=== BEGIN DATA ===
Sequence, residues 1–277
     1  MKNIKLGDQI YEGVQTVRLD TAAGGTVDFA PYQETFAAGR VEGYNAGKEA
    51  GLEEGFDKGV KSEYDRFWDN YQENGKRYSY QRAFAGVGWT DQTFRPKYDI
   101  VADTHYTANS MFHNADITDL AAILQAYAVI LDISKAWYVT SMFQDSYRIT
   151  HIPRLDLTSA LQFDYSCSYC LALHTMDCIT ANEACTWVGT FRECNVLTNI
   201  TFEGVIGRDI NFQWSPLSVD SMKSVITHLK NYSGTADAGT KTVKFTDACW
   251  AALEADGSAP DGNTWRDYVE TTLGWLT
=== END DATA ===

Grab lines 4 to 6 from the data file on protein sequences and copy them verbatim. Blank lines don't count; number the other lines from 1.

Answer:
   101  VADTHYTANS MFHNADITDL AAILQAYAVI LDISKAWYVT SMFQDSYRIT
   151  HIPRLDLTSA LQFDYSCSYC LALHTMDCIT ANEACTWVGT FRECNVLTNI
   201  TFEGVIGRDI NFQWSPLSVD SMKSVITHLK NYSGTADAGT KTVKFTDACW